CHESAPEAKE, Va. - For months, News 3 has been looking into how Virginia correctional facilities are handling COVID-19 testing and care for those incarcerated.
Families claim there isn't enough proper testing and social distancing, while the Virginia Department of Corrections said they follow guidance from the Virginia Department of Health and the Centers for Disease Control.
Every day, staff members are expected to fill out a spreadsheet about what's happening inside each prison. Through a Freedom of Information Act request, News 3 obtained those spreadsheets from the end of July to August.
There is data on the cumulative number of tests given to inmates and staff, how many tests are sent to the VDH or other lab entities within 24 hours, how many come back positive, how many people have died, how many are recovering and so on.
Shanita Hatcher's father is one of the men who has been tested. From Newport News, he's serving his time at the Greensville Correctional Center.
"He doesn't have a death sentence at the end of the day, so we're trying to make sure he's in safe hands while he's doing his time, you know, to get him back home," she told News 3 reporter Erin Miller via phone.
News 3 analyzed internal testing data from April 1, 2020 to August 12, 2020.
During those four months, VADOC reports 30,760 tests were given to those incarcerated and staff members. Our latest data shows that the Eastern Region, which includes like facilities like St. Brides and Indian Creek in Chesapeake, tested the most inmates.
Since April, of the 13,487 recorded tests done, 1,366 came back positive.
Hatcher said that her father's cellmate was reportedly one of the people who tested positive. "He said that they had sent [the men who tested positive] down to a pod for a week, [then] the staff had brought them back up to the pod. My father had asked, 'What were they sending them back up there for when they're still showing signs?'"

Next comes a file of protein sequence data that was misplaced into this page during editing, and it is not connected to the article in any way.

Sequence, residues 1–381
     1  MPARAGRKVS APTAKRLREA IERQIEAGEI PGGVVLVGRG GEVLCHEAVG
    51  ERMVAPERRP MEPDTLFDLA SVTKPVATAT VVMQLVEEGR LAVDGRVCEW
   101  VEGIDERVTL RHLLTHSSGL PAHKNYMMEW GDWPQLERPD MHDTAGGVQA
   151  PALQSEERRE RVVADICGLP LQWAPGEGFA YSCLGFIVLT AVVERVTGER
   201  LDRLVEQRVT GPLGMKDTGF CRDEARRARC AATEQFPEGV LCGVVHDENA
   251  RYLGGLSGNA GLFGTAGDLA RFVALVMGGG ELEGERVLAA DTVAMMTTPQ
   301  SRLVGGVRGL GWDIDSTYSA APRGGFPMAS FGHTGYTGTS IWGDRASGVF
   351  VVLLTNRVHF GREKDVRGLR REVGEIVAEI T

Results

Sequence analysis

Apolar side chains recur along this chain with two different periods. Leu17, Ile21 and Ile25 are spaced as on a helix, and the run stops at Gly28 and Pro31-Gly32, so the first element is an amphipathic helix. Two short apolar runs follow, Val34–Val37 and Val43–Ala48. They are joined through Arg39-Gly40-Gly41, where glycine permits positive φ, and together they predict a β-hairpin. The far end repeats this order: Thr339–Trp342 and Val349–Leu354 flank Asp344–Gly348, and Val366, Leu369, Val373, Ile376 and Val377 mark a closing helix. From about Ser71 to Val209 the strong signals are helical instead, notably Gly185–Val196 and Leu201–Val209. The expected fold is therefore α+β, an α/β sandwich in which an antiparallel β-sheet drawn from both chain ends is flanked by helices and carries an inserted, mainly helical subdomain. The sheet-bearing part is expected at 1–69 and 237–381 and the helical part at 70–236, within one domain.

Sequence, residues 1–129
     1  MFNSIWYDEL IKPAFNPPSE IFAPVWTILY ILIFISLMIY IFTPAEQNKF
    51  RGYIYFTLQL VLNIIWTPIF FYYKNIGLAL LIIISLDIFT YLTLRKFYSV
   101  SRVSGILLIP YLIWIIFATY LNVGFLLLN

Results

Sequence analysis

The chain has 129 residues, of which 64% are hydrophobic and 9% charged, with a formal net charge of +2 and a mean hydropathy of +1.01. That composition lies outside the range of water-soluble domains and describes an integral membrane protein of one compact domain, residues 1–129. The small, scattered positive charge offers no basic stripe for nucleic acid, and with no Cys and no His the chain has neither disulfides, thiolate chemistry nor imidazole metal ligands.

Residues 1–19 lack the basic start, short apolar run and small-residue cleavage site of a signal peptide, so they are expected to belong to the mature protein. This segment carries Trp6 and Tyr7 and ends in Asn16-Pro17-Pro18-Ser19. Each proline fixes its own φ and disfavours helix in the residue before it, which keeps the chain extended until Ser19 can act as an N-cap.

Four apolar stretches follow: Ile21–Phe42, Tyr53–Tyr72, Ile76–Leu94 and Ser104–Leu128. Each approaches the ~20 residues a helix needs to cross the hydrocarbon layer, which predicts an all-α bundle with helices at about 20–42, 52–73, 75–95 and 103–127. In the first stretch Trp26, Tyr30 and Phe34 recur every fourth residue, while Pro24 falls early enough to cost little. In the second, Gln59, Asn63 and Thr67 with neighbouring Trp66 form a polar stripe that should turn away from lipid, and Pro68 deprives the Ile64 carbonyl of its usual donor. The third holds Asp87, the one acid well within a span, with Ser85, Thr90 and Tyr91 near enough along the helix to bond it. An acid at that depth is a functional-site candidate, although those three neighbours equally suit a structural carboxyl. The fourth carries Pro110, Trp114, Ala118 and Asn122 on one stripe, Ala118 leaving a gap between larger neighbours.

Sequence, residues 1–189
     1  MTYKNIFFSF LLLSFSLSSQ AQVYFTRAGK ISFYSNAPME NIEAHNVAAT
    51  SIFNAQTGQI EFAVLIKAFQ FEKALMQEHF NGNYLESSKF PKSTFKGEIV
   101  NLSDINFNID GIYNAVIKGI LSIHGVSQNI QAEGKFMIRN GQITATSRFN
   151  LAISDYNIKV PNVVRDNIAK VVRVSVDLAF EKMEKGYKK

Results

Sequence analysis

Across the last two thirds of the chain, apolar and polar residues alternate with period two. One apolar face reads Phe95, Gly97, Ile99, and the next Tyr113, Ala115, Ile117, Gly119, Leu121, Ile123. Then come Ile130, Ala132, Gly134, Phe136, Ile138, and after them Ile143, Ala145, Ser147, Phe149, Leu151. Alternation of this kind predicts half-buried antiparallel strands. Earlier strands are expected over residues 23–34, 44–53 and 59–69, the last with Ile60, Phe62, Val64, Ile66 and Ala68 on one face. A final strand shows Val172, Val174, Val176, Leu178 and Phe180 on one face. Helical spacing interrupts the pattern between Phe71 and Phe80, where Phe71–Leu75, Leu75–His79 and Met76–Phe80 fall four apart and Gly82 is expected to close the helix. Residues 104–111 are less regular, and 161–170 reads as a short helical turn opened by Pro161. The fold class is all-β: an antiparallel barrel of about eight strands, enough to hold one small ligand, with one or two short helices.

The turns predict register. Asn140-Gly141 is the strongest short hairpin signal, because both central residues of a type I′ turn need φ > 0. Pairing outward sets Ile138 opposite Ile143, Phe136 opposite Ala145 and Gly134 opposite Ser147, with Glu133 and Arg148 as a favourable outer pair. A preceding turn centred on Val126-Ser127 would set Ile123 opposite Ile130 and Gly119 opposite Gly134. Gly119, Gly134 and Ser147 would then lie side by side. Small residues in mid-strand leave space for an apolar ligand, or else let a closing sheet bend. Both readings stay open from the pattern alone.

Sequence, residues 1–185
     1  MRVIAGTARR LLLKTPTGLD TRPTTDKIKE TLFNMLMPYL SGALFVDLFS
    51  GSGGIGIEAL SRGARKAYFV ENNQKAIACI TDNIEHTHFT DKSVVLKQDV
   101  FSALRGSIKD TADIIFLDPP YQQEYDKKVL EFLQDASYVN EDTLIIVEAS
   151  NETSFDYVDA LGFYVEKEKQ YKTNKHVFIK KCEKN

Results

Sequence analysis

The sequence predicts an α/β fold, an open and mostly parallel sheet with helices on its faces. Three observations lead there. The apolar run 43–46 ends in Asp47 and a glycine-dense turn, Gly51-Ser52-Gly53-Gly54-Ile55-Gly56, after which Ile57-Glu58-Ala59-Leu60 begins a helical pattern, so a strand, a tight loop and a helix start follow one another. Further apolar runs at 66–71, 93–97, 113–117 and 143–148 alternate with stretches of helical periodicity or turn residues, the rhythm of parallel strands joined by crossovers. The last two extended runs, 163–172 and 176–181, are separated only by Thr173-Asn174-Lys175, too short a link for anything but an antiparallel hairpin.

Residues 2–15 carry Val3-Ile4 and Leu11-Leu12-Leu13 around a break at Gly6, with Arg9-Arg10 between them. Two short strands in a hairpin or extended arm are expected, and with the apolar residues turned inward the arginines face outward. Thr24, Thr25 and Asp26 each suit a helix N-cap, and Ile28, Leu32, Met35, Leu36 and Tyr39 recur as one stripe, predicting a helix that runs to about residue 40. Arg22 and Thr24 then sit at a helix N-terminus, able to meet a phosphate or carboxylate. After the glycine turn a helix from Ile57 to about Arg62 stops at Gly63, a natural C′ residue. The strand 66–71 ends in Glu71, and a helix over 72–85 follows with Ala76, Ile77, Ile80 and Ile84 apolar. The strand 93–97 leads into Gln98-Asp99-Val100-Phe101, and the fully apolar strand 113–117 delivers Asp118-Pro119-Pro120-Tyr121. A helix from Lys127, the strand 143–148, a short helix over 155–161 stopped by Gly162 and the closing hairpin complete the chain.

We've also heard directly from those on the inside. News 3's Erin Miller has received pages of letters claiming "negligence and inhumane treatment."
A Virginia DOC spokesperson, however, said that they follow CDC guidance when it comes to maintaining the facility during a pandemic and quarantining incarcerated people. The CDC website cites the standard 14 days.
It's also outlined that each facility is different and therefore protocol may vary at each prison. However, we're told temperature screenings and symptom checks are also a standard practice.
Hatcher, and other families, dispute that.
"I would like for them to keep, you know, everybody that's negative, negative, and the positive people in the pod until they get better," Hatcher said.
As of Thursday, the DOC's website reported 144 active cases among the 44 facilities across the state. Point prevalence testing is also being done in prisons, according to VADOC, which means they are testing all staff and offenders.
Our data shows that St. Brides completed testing between 6/9/20 - 6/10/20 and again between 7/17/20 - 7/21/20.
Indian Creek was tested between 6/4/20 - 6/5/20 and 3B pod was tested again on 7/27/20.
Baskerville was tested on 6/9/20 and again between 7/29/20 - 7/30/20.